Thursday, November 29, 2007
Guest Posting - Seforim Recommendations You Might Not Have Considered
I began learning Divrei Yoel (by the Satmar Rebbe, Rav Yoel Teitelbaum, zt"l) before I got totally involved in Chabad. On the other hand, I learn it now, if anything, more than before.
The basic outline of any piece out of Divrei Yoel is like this: 1. First, the Rov asks a bunch of questions, normally starting with a question on an actual passuk, or a Rashi. Sometimes, he will go straight to Midrash after quoting the possuk, and ask a question on the Midrash. Then, he'll ask a number of other questions on the parashah(sometimes related to the first question, but more often not). Sometimes, one of the questions will be based on a Yismach Moshe, or a Kedushas Yom Tov. Sometimes one of the questions will be based on a Zohar.
Then he answers the questions. Usually, in order to answer the questions, he has to go into some Gemarra. Standard themes are: qualities of a Tzaddik, the importance of strict and loving observance of the mitzvos, etc. Then he'll use the Gemarra to frame the way you look at the possuk. In so doing, he usually answers the secondary
questions. Finally, with the new perspective that he has employed (based on the Gemara, and developed through answering the other questions) he tackles the original question.
He rarely has an uplifting "yehi ratzon" and almost never comes out and says "the practical lesson for us is" or "as far as our Avodah is concerned" etc. The message is usually clear from the drosho. If you give it over and feel the need to explain the "message," you're sort of like explaining the punch line of a a good joke... the explanation is never as good as the punch line.
You see him employ this style in his seforim about Zionism. Whatever points he wants to make, he seems more comfortable making them through making droshos on midrashim, Gemarros, possukim, etc. He brings everything together, but the real strength of his words are in the droshos.
One of the things I really like about his droshos is that they really are a workout on the mind. You have to juggle a number of topics all at the same time (because there are so many loose ends at the beginning, and he deals with all of them)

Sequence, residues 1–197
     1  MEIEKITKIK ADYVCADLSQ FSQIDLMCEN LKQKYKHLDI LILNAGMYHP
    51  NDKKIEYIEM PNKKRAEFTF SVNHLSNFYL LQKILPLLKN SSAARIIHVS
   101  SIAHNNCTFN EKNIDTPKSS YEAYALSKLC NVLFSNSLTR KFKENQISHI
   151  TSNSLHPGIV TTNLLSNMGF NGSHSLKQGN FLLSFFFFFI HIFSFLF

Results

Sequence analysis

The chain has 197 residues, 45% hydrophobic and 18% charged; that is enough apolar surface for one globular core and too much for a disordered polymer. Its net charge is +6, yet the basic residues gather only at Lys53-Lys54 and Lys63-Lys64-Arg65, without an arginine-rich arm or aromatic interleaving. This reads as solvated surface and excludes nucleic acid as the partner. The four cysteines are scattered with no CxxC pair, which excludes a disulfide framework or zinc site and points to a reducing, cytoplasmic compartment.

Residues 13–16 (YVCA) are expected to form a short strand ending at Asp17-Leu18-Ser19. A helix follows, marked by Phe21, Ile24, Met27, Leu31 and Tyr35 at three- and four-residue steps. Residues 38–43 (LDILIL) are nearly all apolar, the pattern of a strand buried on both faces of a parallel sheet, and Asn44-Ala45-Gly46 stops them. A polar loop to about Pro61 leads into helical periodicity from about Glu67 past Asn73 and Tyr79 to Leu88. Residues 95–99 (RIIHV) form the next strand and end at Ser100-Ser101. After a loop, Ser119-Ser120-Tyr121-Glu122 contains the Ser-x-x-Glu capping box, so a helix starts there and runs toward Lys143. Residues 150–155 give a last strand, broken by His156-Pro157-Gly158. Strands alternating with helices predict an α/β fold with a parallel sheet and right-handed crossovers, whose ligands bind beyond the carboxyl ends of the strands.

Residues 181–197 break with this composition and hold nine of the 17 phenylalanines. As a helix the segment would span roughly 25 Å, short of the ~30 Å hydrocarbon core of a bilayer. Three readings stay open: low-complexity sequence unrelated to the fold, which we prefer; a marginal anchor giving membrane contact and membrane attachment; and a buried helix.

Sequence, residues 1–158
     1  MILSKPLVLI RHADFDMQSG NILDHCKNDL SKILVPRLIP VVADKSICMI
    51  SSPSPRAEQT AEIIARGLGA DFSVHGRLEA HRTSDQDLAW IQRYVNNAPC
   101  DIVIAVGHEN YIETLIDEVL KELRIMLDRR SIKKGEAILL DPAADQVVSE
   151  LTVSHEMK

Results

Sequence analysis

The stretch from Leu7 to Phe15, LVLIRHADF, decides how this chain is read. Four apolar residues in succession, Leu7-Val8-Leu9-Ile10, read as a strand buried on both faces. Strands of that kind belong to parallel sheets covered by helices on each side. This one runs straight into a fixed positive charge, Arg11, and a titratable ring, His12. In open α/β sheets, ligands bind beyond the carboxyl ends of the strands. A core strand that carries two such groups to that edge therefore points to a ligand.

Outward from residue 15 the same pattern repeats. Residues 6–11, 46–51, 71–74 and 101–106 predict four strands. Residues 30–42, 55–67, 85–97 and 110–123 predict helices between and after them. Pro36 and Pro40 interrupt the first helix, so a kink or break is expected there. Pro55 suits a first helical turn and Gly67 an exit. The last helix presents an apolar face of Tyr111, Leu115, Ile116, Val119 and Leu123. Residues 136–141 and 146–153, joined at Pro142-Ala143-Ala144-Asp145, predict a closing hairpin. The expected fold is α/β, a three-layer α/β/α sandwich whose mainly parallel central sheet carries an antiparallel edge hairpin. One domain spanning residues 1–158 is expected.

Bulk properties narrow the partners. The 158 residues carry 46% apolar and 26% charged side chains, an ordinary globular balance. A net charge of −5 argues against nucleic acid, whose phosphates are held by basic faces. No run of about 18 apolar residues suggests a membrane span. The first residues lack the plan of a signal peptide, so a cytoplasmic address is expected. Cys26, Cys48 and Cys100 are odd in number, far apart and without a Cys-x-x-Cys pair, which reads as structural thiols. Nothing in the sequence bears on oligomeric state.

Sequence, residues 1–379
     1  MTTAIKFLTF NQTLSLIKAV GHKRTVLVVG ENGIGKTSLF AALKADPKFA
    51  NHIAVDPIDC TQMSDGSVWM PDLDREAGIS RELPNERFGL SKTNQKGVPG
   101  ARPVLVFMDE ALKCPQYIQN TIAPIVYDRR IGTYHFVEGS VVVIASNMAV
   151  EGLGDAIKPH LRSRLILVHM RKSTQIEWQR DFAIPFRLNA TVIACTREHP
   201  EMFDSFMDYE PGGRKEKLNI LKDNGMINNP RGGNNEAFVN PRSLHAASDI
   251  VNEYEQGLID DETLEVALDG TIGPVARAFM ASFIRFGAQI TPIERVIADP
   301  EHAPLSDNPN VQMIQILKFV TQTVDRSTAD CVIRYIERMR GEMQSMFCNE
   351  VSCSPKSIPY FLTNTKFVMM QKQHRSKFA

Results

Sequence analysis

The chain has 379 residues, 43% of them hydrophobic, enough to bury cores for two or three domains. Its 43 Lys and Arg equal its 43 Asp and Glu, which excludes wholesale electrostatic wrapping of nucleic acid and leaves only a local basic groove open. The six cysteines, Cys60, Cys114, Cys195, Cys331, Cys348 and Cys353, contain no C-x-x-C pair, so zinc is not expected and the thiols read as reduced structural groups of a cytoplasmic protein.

I have 2 other favorites that might surprise you. One is the Tosher Rebbe. His seforim (all called by the name Avodas Avoda) are amazing (There is a set of 2 that is on the Parashah in Loshon Kodesh; there is a set of 2 on the Parashah in Yiddish, and one sefer that goes according he the parashah, but is really a book of addresses that the Tosher Rebbe gave on or around Yartzheits of various tzaddikim, usually Motzei Shabbos). He usually asks one or two questions on the parashah, and then gives a very geshmake answerwithin a few pages. In the meantime, he usually explains some oranother concept in Chassidus, calling on traditional Chassidus seforim. Then, he'll go for a few more pages giving over some practical mussar based on whatever point dominated the drosho. He aims straight for the heart, and has a real power. He has a real following. Many Admorim visit the Tosher Rebbe. The Kosover Rebbe spends Shabbos Chazon by the Tosher Rebbe, and brings many of his Chassidim with him.
The other is the Shomer Emunim, R' Aharon Roth. His main sefer iscalled Shomer Emunim. I don't know how to describe it other than tosay that he has a very powerful approach to Yiddishkeit. He doesn't mince words. And he has very high expectations. Amazing! He neverwrote anything on the parashah, though some students put together somevertlach that came from a variety of sources and arranged themaccording to the parashah. I find that sefer hard to follow, because Idon't think his teachings were intended to be turned into sound-bytes like that.
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